In the Name of the Father and of the Son and of the Holy Spirit. Amen.
In the Scriptures, a bishop is nothing other than a pastor. But very quickly in the history of the Church, bishops were those who were elected to oversee the pastors and congregations under their care. Ambrose was actually a lawyer who was trying to keep peace in Milan between the orthodox Christians and the Arians as they were trying to elect a new bishop. But while he was speaking, someone interrupted and cried “Ambrose! Bishop!” He tried to avoid it and stay out of the priesthood, but the Emperor Valentinian agreed with the choice, and announced penalties if anyone kept Ambrose hidden so that he could avoid being bishop. Strangely enough, Ambrose was still in the category of catechumen—or one being instructed toward baptism—and he couldn’t, technically, be a bishop at all. But he was soon baptized, and eight days after his baptism, in the year 374—December 7, in fact—he was made bishop of Milan. He died on Good Friday, April 4, 397.
So today we are remembering Ambrose on the day he was made bishop. Which is to remember him in his primary vocation, as pastor. This is why we hear 2 Timothy 4 and Matthew 5. He preached the Word of God, which St. Augustine heard, and was later baptized by Ambrose. He was constant and steady, even when the deniers of the Son’s full divinity were in power in the empire. He held to the teaching he had received, learning and teaching the Scriptures, and he fulfilled over 23 years the ministry he had been given. Our Lutheran fathers were fond of quoting and citing Ambrose, almost 10 times in the Book of Concord alone.
You may not know that you are familiar with St. Ambrose, but you are, through at least one of the hymns in our hymnal, though we have three total in our hymnal, and at least 12 are attributed to him. In fact, Ambrose is often considered the father of the way we sing modern hymns. Most Christians are familiar with Ambrose through the hymn we just sang, with which Luther was impressed enough to translate it into German, set to a German tune. Here Ambrose does some of his best work, because he distills the truth of the Scriptures into a memorable, singable summary. Here is some of the most profound theology of Christ for you that you will ever find. Marvel now, O heav’n and earth, that the Lord chose such a birth! Ambrose confesses the mystery of God in the flesh, as well as the mystery of the virgin giving birth: Here a maid was found with child, yet remained a virgin mild. In her womb this truth was shown: God was there upon His throne (stanza 3). The Son of God, eternally of the Father, His source, through whom all things in creation were made, now reigns from Mary’s womb. It is right to bow our heads at that mystery in the Creed. There is no understanding it; only worshiping this God become microscopic.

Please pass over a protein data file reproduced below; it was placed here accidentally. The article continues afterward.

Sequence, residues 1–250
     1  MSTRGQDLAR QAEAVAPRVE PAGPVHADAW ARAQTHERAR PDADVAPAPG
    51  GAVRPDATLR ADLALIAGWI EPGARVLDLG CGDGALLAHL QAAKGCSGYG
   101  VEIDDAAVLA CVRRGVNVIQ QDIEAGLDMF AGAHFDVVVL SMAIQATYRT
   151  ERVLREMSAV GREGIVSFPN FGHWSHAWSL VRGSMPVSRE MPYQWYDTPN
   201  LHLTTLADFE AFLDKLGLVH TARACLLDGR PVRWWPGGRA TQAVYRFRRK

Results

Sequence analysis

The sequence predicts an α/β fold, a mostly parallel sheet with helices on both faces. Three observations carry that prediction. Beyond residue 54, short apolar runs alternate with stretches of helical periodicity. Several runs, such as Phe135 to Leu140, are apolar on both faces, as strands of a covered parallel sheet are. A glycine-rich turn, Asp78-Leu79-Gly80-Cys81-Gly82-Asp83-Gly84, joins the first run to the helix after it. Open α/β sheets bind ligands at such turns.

And Ambrose’s words strike me every time: the Father’s Son in flesh the vict’ry won, so that we pray that by that physical victory over death, He would make whole all our ills of flesh and soul. Even more, what a fantastic image it is of newborn light growing and spreading and of faith taking its shelter in that light from every enemy that belongs to the darkness.